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David Rhys Bernard


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David Rhys Bernard

3 months ago

1. How much money have you spent so far? Have you gotten more funding from other sources? Do you need more funding?

I spent $1100 out of the $3000 I received on paying experienced forecasters. I haven't received any additional funding since I received the money from Manifund (although I already had funding from the EA Long-Term Future Fund for the other parts of the research project.) I do not need more funding.

2. How is the project going? (a few paragraphs)

I completed the research project and wrote up my results here (https://davidrhysbernard.files.wordpress.com/2023/08/forecasting_drb_230825.pdf). This is included as a chapter of my PhD dissertation which I will defend in two weeks!

As I was already running the study with academics and lay-people, the parts of the paper that should be counted for credit in the impact evaluation are the ones which involve analysis of expert forecasters. In particular these are; section 4.1.1 and 4.1.2, including Table 1 Panel B, Table 2, Figure 3 and Figure 4. You may have to read the intro or sections 2.2 and 3 to get sufficient context on the study to understand the results.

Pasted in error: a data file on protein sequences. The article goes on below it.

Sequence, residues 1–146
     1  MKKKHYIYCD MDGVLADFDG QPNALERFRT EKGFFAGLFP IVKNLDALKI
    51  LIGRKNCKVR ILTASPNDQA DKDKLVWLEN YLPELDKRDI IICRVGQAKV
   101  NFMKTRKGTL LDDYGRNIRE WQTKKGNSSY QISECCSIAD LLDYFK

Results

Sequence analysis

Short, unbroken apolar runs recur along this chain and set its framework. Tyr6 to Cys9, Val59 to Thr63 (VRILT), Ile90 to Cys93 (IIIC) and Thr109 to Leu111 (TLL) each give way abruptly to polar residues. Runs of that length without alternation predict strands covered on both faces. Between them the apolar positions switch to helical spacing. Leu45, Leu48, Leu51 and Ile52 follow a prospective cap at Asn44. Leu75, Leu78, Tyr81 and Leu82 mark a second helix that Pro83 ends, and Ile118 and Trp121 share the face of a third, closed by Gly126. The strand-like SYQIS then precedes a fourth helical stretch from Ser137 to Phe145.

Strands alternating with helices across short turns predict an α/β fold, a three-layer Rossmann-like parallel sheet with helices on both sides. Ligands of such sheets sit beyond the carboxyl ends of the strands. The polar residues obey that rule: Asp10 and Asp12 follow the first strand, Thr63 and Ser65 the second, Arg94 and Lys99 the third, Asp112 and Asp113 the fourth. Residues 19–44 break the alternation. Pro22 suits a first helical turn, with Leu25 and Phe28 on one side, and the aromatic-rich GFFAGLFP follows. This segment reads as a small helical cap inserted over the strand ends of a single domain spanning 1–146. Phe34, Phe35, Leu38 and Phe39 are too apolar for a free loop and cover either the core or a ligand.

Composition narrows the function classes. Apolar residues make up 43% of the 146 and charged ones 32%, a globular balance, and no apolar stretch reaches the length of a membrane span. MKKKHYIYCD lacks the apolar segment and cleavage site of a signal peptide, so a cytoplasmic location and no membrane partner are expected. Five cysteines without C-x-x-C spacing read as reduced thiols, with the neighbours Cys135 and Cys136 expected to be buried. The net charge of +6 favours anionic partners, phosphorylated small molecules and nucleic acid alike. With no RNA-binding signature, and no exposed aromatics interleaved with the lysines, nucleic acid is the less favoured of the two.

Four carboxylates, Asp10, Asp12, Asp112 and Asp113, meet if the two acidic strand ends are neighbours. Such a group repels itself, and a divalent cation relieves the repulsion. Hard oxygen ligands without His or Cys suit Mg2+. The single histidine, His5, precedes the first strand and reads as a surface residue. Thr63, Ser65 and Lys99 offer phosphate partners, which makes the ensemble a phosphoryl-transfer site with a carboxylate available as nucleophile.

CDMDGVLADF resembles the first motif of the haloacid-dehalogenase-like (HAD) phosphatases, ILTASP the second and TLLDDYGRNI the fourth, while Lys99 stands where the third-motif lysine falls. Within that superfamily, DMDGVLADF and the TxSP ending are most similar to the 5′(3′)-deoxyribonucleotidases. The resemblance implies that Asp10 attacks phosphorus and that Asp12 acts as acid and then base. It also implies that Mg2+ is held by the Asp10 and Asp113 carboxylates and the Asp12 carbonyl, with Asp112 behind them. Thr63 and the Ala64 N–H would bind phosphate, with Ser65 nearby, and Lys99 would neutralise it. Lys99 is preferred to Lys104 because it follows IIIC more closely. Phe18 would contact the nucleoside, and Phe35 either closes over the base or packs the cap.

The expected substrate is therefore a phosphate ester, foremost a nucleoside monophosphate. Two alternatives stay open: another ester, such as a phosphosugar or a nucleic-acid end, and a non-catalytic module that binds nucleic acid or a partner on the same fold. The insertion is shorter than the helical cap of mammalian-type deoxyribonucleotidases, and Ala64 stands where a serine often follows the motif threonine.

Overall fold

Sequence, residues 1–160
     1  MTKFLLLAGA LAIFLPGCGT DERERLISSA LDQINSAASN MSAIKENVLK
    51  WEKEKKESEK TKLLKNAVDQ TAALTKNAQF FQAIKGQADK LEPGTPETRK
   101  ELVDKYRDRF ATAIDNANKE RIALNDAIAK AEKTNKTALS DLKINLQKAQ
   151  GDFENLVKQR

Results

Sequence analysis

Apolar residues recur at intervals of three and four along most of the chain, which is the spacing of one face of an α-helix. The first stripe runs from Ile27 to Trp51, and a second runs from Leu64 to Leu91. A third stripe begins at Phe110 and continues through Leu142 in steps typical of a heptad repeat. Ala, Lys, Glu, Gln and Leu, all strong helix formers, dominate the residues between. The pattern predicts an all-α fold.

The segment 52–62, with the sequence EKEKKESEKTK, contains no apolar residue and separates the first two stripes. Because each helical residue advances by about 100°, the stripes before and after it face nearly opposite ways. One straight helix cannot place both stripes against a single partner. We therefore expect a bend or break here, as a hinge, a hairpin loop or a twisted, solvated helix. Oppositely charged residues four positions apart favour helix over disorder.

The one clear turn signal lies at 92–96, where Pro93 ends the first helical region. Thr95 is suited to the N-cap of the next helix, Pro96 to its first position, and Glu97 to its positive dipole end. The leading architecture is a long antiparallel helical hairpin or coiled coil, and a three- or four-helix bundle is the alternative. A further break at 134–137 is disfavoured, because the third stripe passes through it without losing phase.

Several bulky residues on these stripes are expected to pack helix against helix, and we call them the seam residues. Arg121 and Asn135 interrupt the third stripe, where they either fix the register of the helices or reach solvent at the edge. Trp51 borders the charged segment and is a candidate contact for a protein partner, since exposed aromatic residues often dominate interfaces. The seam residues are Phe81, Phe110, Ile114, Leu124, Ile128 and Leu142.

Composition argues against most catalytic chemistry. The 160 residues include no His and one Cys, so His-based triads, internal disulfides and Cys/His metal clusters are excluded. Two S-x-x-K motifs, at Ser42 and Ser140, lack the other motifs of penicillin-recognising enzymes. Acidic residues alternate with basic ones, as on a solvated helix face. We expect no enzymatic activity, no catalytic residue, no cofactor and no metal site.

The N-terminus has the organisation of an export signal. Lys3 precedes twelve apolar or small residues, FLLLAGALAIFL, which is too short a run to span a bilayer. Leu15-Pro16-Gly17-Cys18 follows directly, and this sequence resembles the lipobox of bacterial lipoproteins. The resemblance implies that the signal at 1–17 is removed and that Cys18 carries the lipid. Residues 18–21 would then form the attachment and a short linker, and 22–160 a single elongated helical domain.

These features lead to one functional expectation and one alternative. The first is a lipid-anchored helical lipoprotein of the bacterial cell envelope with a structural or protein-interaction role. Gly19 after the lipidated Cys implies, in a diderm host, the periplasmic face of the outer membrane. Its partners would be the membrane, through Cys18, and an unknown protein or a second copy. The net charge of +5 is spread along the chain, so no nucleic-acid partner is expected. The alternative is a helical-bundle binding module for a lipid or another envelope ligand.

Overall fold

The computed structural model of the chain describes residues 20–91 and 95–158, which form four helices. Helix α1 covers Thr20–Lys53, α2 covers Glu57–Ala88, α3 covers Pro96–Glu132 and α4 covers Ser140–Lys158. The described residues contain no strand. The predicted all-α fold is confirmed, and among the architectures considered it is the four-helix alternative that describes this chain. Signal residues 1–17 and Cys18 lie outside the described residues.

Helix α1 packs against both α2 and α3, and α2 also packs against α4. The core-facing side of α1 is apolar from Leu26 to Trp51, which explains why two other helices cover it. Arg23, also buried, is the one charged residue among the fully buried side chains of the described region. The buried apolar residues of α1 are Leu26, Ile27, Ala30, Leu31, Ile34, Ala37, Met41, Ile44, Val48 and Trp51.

In section 4.1.1 (Forecaster type) I show that my sample of forecasters perform better at forecasting short and long-run treatment effects than academics (recruited from the Social Science Prediction Platform) and lay-people (recruited from Prolific). In particular, I show that regardless of the accuracy metric used, both academics and forecasters are statistically significantly better than laypeople. If I use my preferred log score accuracy metric (which relies on the full distribution given), forecasters are better than academics. However, if I use a negative absolute error metric (which only relies on the central point of the distribution), there is no significant difference between forecasters and academics. This suggests that the forecasters are better at forecasting a range of likely treatment effects, but no better at specifying the most likely effect within that range.

In section 4.1.2 (Calibration) I show that although all groups are poorly calibrated and overconfident, the forecaster group are more well calibrated than the other two. I show this with a calibration curve in figure 3 and a comparison of log scores and stated confidence levels in figure 4. Better calibration of forecasters seems to be a key part of forecasters having higher accuracy in this context.

3. How well has your project gone compared to where you expected it to be at this point? (Score from 1-10, 10 = Better than expected)

I'd give the project a 6/10. I failed at reaching my target of 30 forecasters and was significantly overconfident in how likely I would be to reach that number. I underestimated how busy and in demand most forecasters are and how interested they would be in my project. I heard that $50 per hour was within the range of expected compensation for at least one forecaster, but it turned out this was not sufficient for many others. In the future, I'd plan to pay superforecasters at least $100 per hour of their time and give them a longer period over which they can make forecasts.